Open Letter: Urgent need to reduce the age to begin breast cancer screening in Canada

To All Federal Decision Makers,

Subject: Urgent Need to Reduce the Age to Begin Breast Cancer Screening

We, the undersigned women leaders from various sectors of Canadian society, are writing this open letter to draw your attention to a critical issue that demands immediate action: the age to begin breast cancer screening.

Breast cancer affects women across our nation and is the most commonly diagnosed cancer among Canadian women, accounting for nearly one in four new cancer cases. Shockingly, it claims the lives of over 5,000 Canadian women each year. As women leaders, we are deeply concerned about the impact of this devastating disease on our communities and the urgent need for improved access to early detection.

Regular mammography screenings play a vital role in the early detection of breast cancer, significantly increasing the chances of successful treatment, better quality of life, and improved patient outcomes. However, the current Canadian guidelines recommend mammogram screenings to begin at the age of 50, missing a critical opportunity for early detection in younger women. Indeed, 17% of breast cancers occur in women aged 40-49.

We are encouraged by recent developments in the United States, where the draft revised recommendations now align with the growing body of evidence supporting the benefits of early screening, starting at 40. The U.S. Preventive Services Task Force advises women to begin regular mammography screenings at the age of 40, recognizing the importance of early detection in saving lives.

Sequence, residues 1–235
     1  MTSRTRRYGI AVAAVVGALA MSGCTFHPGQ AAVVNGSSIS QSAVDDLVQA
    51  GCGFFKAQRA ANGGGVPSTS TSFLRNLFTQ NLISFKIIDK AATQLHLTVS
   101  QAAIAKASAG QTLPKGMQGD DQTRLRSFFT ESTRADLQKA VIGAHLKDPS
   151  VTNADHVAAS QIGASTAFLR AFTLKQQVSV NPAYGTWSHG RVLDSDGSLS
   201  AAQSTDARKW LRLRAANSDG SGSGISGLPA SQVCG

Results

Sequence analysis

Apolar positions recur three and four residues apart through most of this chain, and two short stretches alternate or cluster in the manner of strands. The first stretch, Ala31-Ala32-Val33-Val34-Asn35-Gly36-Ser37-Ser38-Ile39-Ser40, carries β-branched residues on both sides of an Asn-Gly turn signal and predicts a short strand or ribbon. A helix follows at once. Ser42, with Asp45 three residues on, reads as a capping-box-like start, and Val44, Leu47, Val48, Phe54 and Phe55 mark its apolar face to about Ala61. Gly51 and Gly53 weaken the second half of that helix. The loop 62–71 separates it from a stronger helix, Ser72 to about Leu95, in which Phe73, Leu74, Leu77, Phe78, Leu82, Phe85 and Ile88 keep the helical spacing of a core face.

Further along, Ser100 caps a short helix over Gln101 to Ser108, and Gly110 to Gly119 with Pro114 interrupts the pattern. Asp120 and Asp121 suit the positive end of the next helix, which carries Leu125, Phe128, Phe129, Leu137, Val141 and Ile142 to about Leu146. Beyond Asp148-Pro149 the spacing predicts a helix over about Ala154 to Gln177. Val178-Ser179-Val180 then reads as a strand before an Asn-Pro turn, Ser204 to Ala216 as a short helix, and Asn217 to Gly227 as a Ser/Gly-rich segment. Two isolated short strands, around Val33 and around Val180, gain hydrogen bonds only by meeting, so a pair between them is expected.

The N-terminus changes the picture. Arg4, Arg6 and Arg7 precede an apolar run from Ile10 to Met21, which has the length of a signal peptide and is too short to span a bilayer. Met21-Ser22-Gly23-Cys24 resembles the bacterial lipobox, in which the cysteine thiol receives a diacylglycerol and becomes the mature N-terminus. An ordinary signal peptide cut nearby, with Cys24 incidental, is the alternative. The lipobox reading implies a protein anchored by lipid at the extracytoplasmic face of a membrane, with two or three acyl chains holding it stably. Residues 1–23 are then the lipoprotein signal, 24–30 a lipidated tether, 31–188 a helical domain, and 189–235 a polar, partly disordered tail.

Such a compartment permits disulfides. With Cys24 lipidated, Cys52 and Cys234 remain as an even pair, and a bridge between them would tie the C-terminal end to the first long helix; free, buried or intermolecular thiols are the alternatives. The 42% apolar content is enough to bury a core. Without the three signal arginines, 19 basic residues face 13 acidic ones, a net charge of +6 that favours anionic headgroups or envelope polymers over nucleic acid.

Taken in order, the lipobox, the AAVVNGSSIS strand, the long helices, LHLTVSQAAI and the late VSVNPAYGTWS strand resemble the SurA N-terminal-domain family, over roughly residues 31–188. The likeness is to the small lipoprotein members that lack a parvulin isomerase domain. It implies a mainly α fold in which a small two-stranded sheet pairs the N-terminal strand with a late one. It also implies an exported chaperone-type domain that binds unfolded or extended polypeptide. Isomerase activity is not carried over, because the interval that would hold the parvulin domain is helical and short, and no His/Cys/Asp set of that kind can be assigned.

We strongly urge all federal decision-makers, and particularly the Minister of Health, to take immediate action toward reducing the age to begin breast cancer screening to 40. By aligning our guidelines with the latest scientific research and international standards, we can save countless lives and alleviate the burden of this devastating disease on our society.

Consider the following key statistics:

• Breast cancer is the most common cancer among Canadian women, with an estimated 26,800 new cases diagnosed in 2022 alone.1
• Early detection through regular mammography screenings can decrease breast cancer mortality rates by approximately 40%. 2
• Younger women are more likely to develop aggressive forms of breast cancer, emphasizing the urgency of early detection. 3
• By aligning our guidelines with the U.S. recommendation, an additional 1.4 million women aged 40-49 in Canada would have access to potentially lifesaving screenings. 4

As women leaders, we collectively implore you to champion this cause within your respective parties and advocate for the implementation of this vital change through legislation or policy amendments.

By working together, we can significantly impact breast cancer outcomes and save countless lives.


  1. Canadian Cancer Society. “Breast cancer statistics.”
  2. National Cancer Institute. “Early-Stage Breast Cancer Treatment.”
  3. American Cancer Society. “Breast Cancer in Young Women.”
  4. U.S. Preventive Services Task Force. “Final Recommendation Statement: Breast Cancer Screening.”

See who signed the letter here.